There are many legislated rules and regulations imposed on businesses. Small businesses are often challenged the most complying with these laws. Here are the top ten laws that small businesses owners need to pay close attention to in order to ensure compliance.
1. Title VII of Civil Rights Act. This law protects the public against discrimination during all phases of employment based on race, color, religion, gender, national origin, and genetic information. Small businesses may face unique compliance challenges because of their size and limited resources to host something like an anti-bullying forum.
2. Americans with Disabilities Act. This law does not allow employers to discriminate against qualified people with disabilities that impair or limit them from major life activities, mental or physical. It can be difficult for small companies to adhere to the same practices as larger companies. This law is something that businesses owners must pay close attention complying with.
3. Family Medical Leave Act. If your business has more than 50 full time employees, they must be allowed at least 12 weeks of leave each year for birth, adoption, foster care, or other health problems. When they return they must be fully reinstated to their original position. This varies slightly in each state.
4. Age Discrimination in Employment Act. Employees older than 40 can not be discriminated against based on their age. Smaller Companies may not take a person’s age or proximity to retirement into consideration while making business decisions.
5. Fair Labor Standards Act. The federal minimum wage, overtime requirements, and work hours for minors are all set under this law. Meticulous recordkeeping for each employee is essential.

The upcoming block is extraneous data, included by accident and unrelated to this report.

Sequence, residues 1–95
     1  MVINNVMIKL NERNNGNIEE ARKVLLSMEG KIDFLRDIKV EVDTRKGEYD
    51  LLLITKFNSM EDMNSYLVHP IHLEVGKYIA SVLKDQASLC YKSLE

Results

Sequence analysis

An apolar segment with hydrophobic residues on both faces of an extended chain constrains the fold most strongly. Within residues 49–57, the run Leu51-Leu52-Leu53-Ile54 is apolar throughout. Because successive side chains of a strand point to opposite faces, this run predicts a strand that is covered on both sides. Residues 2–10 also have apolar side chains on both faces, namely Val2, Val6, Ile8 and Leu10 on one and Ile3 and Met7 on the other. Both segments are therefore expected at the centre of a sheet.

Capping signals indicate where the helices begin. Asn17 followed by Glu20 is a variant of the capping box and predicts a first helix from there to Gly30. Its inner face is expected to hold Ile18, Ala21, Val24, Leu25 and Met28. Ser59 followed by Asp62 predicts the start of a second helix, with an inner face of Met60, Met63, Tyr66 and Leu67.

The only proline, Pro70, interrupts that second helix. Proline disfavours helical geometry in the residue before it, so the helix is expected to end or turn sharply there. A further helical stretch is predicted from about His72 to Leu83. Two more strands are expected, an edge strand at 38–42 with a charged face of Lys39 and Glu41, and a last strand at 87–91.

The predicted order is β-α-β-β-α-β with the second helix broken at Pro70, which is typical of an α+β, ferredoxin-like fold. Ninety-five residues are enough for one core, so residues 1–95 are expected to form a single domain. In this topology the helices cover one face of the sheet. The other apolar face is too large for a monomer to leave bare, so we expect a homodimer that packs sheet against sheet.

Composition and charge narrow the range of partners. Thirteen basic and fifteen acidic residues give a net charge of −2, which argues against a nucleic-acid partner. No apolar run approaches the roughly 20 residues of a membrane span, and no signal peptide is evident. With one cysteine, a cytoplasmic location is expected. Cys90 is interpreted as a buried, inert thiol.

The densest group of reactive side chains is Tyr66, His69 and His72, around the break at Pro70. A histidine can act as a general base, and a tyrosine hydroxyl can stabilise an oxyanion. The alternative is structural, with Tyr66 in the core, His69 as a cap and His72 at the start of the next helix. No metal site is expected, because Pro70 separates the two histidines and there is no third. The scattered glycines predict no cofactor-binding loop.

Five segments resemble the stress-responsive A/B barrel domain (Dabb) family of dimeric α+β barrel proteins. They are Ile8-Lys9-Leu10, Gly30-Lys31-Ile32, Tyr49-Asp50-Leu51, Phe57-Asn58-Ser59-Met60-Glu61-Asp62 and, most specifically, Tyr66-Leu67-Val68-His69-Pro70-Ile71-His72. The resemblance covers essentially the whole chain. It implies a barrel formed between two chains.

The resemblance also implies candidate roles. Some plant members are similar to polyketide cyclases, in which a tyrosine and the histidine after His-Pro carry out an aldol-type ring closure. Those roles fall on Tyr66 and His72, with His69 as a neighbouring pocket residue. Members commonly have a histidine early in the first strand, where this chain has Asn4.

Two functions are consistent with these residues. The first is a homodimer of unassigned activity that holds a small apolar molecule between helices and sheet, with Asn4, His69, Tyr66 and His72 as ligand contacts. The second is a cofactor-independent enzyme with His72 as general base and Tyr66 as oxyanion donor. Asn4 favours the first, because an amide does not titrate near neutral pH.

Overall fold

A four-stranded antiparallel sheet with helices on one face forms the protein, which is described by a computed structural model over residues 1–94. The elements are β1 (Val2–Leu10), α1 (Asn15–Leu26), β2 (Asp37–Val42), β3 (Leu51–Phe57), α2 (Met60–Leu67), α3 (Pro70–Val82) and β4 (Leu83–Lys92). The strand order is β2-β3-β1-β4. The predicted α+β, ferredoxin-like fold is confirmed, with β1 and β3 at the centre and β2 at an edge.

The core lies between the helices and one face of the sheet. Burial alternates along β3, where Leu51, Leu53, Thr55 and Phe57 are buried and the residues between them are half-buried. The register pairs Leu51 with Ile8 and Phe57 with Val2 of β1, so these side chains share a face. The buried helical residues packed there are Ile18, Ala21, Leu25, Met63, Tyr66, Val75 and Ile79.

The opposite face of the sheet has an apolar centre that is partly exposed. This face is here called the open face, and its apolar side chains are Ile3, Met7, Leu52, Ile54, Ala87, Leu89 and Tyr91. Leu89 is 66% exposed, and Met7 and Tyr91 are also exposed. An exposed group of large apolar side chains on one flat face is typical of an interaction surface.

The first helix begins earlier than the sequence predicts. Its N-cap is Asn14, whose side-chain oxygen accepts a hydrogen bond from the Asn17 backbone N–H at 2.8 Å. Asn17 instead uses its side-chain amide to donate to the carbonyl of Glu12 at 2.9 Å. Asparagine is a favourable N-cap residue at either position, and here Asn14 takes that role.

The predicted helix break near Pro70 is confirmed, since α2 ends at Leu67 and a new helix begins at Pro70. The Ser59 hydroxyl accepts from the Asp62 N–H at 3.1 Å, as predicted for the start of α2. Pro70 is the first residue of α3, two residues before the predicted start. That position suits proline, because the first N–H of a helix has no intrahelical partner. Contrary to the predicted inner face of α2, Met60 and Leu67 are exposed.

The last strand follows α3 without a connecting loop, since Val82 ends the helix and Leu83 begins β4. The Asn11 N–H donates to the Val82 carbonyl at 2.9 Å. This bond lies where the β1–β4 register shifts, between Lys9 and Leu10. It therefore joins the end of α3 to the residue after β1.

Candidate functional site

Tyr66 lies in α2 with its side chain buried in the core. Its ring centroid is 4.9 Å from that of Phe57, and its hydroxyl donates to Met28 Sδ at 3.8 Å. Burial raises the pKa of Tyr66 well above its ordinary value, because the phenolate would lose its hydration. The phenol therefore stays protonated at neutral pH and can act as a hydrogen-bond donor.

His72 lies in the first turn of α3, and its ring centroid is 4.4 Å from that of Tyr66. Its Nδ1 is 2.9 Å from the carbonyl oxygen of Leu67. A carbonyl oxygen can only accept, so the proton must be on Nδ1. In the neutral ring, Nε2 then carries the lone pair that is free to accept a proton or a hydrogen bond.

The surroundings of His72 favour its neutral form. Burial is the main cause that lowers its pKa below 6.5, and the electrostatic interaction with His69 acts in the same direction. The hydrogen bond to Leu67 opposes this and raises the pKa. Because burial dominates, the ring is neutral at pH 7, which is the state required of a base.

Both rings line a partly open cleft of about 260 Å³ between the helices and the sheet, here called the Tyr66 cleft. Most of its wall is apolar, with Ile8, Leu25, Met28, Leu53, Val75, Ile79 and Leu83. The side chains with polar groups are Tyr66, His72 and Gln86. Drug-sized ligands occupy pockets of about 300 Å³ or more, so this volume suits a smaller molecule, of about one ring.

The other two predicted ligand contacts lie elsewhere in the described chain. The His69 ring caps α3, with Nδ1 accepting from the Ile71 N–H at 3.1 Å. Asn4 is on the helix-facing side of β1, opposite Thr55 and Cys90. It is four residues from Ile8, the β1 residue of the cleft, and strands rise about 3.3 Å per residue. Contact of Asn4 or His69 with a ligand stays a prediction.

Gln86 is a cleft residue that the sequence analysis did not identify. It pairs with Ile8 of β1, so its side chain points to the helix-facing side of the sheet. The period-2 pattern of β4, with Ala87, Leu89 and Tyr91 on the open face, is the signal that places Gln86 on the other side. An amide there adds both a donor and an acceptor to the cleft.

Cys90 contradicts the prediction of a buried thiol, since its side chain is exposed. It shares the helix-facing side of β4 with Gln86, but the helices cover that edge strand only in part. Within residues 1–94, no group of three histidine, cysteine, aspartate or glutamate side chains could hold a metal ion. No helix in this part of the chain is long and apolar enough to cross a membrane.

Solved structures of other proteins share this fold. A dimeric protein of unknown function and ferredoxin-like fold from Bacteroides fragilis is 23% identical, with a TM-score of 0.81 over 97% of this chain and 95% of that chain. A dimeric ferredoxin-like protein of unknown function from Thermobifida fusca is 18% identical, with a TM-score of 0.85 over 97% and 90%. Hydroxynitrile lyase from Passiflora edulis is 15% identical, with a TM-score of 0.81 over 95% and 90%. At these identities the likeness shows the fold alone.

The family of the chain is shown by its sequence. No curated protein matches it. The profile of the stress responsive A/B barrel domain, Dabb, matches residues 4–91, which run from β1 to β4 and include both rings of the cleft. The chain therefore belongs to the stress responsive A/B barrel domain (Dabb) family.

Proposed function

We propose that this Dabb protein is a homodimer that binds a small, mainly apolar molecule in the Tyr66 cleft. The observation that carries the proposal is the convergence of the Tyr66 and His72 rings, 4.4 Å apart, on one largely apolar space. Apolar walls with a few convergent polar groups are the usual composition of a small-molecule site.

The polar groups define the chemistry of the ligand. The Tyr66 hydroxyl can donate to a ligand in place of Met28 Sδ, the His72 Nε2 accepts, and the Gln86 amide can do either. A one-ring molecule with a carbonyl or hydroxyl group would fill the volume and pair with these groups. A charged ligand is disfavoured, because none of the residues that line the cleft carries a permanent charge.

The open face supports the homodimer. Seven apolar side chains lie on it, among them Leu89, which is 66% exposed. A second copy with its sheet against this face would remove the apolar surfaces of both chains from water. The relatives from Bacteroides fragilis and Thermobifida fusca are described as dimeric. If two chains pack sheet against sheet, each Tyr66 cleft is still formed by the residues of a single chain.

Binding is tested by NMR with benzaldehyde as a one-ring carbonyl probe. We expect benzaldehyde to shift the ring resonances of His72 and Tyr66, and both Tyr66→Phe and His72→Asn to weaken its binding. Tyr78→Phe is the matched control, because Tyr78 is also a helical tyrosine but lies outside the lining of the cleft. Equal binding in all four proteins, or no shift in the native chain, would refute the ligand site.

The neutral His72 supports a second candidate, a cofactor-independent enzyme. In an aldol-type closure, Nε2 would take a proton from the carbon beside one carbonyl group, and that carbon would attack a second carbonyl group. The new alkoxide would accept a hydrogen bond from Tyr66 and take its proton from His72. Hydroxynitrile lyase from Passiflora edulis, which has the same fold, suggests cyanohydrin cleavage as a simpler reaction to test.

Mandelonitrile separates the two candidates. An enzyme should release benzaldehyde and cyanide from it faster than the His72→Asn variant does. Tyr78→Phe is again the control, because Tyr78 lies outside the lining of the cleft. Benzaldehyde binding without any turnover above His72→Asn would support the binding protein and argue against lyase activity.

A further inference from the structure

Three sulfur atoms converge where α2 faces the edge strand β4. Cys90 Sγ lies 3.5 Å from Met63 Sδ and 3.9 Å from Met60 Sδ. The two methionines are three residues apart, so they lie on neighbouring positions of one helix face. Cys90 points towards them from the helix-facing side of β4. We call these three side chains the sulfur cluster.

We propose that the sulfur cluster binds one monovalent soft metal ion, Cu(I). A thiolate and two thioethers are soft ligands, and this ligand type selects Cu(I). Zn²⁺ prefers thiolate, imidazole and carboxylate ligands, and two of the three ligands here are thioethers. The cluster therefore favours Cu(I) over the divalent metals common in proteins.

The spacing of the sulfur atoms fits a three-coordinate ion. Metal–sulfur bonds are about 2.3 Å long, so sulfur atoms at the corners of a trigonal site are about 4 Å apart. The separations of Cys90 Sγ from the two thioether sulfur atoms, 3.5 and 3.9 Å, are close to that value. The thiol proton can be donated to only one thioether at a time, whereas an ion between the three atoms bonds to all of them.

6. Equal Pay Act. This law prohibits discrimination based on gender. The act does not prohibit pay differences based on merit or quality since it states “equal pay for EQUAL WORK”.
7. The Uniformed Services Employment and Reemployment Rights Act of 1994. Employees who volunteer or are called to military duty must be reemployed when they return to their previous or equal job.
8. Occupational Safety and Health Administration. Employers must provide a workplace free from physical dangers. Big and small businesses alike must provide safety training, inform employees about hazardous chemicals, and notify the government about serious workplace incidents. Detailed records must be kept and held for five years. A violation can result in a small fine to incarceration.
9. Pregnancy Discrimination Act. Employers can’t deny a pregnant woman a job or a promotion, get fired, or force her to go on leave because she is pregnant.
10. Immigration Reform and Control Act. To comply with this act 19 forms are required for each employee and careful adherence is required to avoid both civil and criminal charges. Files for terminated workers must be held onto for a certain amount of time.